An attack ad, updated for a new age

Those of us who are old enough to remember the Nixon administration, might remember this fun ad:



This ad, and a little thinking about Trumpolini's finances, leads directly to...

Trump appearing with Nugent: Who called it?

Title Katy Tur's campaign memoir

Katy Tur is the embedded reporter in Donald Trump's campaign entourage. You KNOW she's going to write a book...then disappear into an undisclosed location to protect herself from a Trumpler fatwa. What's the title going to be?

My best guess: Fear and Loathing on the Campaign Trail 2016. Yes, it's a ripoff of a great author's work, but any proper book on the Trump campaign will have to be written in the style of Hunter S. Thompson.

I heard Trump plans to start a vacuum cleaner company after he loses

He wants to sell at least one thing that doesn't suck.

Early voters, fess up: How many Republicans did you have to vote for?

I voted for only one: Ben Wolfinger, our county's sheriff. He earned my vote for two reasons:

One, he's been a decent sheriff.

and

Two, this is the Democratic candidate:


Yes, ladies and gentlemen, the Democratic candidate for sheriff in my county is a sovereign citizen who built her own working Gatling gun, has never worn a badge in her life, is squatting in her foreclosed home, and promises to not allow her deputies to enforce any law she doesn't like if we're stupid enough to elect her. She's more of a catastrophe than Donald Trump, and that takes work.

May 20, 2017 - Trump's first night

While it is usually true the wheels of justice grind exceedingly slowly, that didn't happen in the case of America's Greatest Near Miss, the 2017 Republican candidate for president. On May 20, a scant four months after Hillary Clinton was inaugurated, one Donald Trump Jagoff reported to the Federal Bureau of Prisons to begin his three-thousand-year sentence for breaking every federal law there is. Yes, my friends, they even caught him tearing the tag off a mattress before he sold it.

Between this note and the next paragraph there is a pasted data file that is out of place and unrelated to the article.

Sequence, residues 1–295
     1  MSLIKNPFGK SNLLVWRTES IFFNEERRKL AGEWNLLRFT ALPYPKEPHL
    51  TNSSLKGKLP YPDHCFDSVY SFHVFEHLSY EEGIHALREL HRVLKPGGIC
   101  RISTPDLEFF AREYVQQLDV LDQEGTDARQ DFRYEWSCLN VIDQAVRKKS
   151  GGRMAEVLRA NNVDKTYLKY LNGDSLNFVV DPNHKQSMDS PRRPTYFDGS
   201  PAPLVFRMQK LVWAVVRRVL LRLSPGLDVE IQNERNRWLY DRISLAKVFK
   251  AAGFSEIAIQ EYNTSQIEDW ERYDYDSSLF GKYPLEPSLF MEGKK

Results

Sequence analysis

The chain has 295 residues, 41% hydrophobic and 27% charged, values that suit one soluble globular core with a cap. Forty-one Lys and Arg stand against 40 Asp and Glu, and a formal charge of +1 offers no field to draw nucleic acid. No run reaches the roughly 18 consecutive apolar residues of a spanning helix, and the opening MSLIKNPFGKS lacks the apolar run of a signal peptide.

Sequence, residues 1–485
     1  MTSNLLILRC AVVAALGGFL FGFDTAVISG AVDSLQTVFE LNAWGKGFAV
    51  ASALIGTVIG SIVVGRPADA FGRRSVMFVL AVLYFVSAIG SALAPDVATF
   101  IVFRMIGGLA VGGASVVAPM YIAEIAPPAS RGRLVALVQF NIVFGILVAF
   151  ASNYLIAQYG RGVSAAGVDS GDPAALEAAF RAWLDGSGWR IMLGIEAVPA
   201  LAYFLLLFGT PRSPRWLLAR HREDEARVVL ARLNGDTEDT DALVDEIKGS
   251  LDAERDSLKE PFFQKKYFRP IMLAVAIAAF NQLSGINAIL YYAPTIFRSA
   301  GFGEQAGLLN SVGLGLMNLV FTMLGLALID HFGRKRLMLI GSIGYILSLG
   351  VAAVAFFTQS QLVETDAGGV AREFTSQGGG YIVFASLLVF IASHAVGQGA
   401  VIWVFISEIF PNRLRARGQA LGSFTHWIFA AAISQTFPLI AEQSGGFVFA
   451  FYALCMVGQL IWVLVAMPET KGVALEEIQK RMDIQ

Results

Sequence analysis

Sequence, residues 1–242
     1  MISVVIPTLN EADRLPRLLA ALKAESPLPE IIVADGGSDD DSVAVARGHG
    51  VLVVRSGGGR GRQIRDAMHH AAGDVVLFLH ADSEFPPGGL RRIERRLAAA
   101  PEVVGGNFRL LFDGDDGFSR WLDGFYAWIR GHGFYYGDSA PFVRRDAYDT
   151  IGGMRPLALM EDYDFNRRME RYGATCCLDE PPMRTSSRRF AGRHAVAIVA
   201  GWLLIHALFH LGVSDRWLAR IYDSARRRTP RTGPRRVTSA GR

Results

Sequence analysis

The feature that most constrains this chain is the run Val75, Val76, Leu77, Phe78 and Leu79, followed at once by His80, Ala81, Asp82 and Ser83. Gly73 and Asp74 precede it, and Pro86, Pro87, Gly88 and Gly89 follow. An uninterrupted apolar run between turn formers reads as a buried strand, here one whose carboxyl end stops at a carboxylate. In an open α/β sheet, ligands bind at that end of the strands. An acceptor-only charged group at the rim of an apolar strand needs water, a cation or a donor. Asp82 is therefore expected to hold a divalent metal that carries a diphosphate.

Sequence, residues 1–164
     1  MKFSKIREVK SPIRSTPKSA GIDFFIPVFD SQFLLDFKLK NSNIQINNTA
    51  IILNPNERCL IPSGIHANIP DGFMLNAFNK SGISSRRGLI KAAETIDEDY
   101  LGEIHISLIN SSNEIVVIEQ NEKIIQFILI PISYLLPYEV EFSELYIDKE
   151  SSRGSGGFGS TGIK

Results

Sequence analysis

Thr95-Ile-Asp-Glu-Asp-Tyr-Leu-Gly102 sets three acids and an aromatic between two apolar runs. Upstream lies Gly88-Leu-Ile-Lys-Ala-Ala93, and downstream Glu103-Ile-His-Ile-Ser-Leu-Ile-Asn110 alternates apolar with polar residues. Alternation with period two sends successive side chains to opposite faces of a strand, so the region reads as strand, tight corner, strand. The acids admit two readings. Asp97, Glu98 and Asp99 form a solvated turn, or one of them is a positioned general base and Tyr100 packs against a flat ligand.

That night, as he laid in his bed thinking about how "Crooked Hillary" subverted the will of the electorate by the evil method of getting seven million more votes than he did, men started to scream out numbers. "Thirty-six!" yelled a man, followed by laughs all around. "Seventy-three!" More laughs.

"What the hell's going on?" Trump asked the guy in the next cell.
'We're telling jokes.'
"But those are just numbers!"
'Yeah, that's true. We realized we were telling the same jokes over and over, so about twenty years ago someone gave each joke a number. Now we just yell out the number of the joke instead of telling it, and we get a lot more laughs in.'

Trump thought about it for a second, then decided to join the fun.

"Forty-eight!" yelled Trump. Dead silence.
"Forty-eight!" yelled louder this time. Crickets.

"What's the damn problem? Isn't 48 a good joke?"
'Forty-eight is really the best one, but you always sucked at telling jokes.'